LAW FIRM DIRECTORY

Dispute Resolution

IVAN MISHCHENKO,

He was born in 1981, in Kyiv. In 2002, he graduated from the Institute of International Relations at Taras Shevchenko National University of Kyiv having received his master's degree in private international law (with honours). In March, 2006, he obtained his license to practice law.

From 2004 to 2009 he worked with Vasil Kisil & Partners Law Firm, and then for two years headed the judicial practice at ENGARDE Company and for another 3 years – at AstapovLawyers International Law Group. He has worked as Managing Partner at Trusted Advisors Law Firm since 2014.

He has been engaged in the dispute resolution practice for over ten years. Over the course of his advocacy, he has provided legal support in judicial and arbitration disputes in the banking sector, corporate conflicts, in the areas of telecommunications, pharmacy services, heavy industry, agro-industrial complex and financial activities.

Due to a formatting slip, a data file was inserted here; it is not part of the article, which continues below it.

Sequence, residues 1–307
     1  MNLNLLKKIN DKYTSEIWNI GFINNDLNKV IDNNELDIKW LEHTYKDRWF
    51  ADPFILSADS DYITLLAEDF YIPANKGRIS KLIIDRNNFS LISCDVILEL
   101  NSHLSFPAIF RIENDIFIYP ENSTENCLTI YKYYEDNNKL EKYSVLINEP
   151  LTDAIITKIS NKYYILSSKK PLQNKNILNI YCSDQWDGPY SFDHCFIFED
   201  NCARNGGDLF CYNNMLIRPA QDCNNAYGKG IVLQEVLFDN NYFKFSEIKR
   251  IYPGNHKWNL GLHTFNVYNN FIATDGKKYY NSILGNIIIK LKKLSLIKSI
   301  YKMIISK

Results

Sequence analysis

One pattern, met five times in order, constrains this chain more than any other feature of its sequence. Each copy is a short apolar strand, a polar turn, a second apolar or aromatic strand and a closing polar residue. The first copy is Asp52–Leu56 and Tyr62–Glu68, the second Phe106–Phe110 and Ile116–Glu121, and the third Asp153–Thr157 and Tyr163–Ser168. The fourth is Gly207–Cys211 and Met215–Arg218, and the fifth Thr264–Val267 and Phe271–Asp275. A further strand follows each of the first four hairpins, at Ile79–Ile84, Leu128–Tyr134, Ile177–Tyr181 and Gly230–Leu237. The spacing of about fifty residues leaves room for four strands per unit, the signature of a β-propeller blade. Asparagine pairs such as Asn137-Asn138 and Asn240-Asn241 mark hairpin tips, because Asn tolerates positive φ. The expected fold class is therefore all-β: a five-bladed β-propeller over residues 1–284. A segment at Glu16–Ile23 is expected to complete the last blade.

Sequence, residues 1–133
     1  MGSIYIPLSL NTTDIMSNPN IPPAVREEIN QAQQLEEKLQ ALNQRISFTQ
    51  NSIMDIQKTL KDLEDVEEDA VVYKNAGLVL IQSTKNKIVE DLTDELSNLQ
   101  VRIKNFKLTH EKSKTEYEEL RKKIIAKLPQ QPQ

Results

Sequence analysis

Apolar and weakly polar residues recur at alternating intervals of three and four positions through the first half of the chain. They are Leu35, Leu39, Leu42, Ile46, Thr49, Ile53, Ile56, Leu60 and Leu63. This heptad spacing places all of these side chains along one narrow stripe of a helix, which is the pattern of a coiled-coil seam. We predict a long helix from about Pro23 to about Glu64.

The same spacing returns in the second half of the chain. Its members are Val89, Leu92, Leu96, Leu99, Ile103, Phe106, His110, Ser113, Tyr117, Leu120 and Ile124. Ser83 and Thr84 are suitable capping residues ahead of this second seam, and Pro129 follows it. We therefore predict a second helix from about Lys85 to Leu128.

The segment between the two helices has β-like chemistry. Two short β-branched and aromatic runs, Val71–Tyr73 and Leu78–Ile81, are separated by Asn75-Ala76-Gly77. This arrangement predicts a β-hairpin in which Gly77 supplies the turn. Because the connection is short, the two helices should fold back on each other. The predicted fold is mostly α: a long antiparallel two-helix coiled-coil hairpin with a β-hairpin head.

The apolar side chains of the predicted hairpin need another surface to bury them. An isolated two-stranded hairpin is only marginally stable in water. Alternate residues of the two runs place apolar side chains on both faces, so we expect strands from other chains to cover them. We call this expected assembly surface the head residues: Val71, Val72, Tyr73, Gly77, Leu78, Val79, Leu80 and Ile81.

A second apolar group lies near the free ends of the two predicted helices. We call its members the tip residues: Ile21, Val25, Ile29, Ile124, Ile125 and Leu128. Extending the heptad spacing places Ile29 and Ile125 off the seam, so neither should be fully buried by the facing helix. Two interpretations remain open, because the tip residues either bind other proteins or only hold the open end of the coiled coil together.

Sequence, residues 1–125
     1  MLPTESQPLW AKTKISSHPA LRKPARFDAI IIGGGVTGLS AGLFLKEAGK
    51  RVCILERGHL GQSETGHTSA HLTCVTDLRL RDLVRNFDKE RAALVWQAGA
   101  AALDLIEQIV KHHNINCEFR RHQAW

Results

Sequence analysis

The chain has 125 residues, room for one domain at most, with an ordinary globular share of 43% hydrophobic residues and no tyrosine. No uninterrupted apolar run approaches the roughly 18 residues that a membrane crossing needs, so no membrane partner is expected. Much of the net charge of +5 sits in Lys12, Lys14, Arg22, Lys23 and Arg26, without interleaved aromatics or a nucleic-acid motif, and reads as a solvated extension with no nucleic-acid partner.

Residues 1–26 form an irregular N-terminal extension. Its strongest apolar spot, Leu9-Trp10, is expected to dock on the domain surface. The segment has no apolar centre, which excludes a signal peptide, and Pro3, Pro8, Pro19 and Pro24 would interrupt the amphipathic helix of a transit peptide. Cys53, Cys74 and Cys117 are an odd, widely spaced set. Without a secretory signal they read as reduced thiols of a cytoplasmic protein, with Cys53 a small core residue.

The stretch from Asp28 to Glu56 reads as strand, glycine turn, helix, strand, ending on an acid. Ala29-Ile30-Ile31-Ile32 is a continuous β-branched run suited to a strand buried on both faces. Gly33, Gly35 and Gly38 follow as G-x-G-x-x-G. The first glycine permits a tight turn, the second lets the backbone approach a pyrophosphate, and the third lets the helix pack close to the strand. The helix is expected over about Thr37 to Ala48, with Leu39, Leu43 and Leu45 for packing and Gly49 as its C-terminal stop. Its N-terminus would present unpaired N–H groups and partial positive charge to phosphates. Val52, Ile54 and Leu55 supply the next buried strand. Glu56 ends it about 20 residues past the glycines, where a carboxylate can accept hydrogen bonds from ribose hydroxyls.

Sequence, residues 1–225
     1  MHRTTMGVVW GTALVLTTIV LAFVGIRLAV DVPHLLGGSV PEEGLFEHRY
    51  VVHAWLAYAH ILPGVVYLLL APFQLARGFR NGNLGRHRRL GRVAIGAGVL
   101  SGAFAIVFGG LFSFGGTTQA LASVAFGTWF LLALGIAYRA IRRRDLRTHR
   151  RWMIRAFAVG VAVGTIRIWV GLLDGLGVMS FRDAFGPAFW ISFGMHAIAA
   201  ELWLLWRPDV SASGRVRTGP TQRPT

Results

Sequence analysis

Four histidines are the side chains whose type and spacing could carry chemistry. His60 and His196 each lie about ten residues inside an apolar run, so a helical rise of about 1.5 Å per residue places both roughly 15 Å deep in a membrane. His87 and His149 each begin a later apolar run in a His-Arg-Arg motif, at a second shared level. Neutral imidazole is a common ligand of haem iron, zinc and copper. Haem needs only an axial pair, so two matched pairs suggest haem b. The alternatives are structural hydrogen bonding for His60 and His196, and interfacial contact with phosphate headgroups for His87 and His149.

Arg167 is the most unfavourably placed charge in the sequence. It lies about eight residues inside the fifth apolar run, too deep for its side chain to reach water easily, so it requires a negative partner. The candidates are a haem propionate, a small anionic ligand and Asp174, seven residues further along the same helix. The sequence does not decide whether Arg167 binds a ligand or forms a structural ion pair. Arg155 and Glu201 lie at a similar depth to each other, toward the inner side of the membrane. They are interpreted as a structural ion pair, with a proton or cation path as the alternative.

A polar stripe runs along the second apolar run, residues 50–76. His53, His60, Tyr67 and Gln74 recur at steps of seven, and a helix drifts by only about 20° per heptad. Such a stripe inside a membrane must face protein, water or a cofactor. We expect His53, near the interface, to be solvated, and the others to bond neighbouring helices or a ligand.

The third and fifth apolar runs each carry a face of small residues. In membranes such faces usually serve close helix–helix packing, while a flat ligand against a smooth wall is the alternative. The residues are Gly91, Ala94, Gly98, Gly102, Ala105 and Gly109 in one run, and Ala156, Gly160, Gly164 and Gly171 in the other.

Fixed-term contact

"I stand for the formula that the case should be considered on the basis of reasonable time limits",
— Ivan Mishchenko, Managing Partner at Trusted Advisors Law Firm, says

— What are the objectives of adoption of new procedural legisla­tion?

— The new economic process is a call of the times. To keep pace with the times, it is necessary to adopt a new Economic Procedural Code of Ukraine. For me, the main idea of the new EPC is to improve the quality of justice. This should enhance the confidence in the judicial system and interest of foreign investors, and it should lead to more clear and coordinated work of all economic jurisdictions.

 

— What procedural institutions should be taken into account when improving the draft EPC?